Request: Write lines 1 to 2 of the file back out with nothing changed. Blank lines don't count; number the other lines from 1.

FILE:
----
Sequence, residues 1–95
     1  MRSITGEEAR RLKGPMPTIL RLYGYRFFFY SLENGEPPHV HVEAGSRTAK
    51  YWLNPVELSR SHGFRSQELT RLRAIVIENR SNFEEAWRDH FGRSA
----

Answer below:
Sequence, residues 1–95
     1  MRSITGEEAR RLKGPMPTIL RLYGYRFFFY SLENGEPPHV HVEAGSRTAK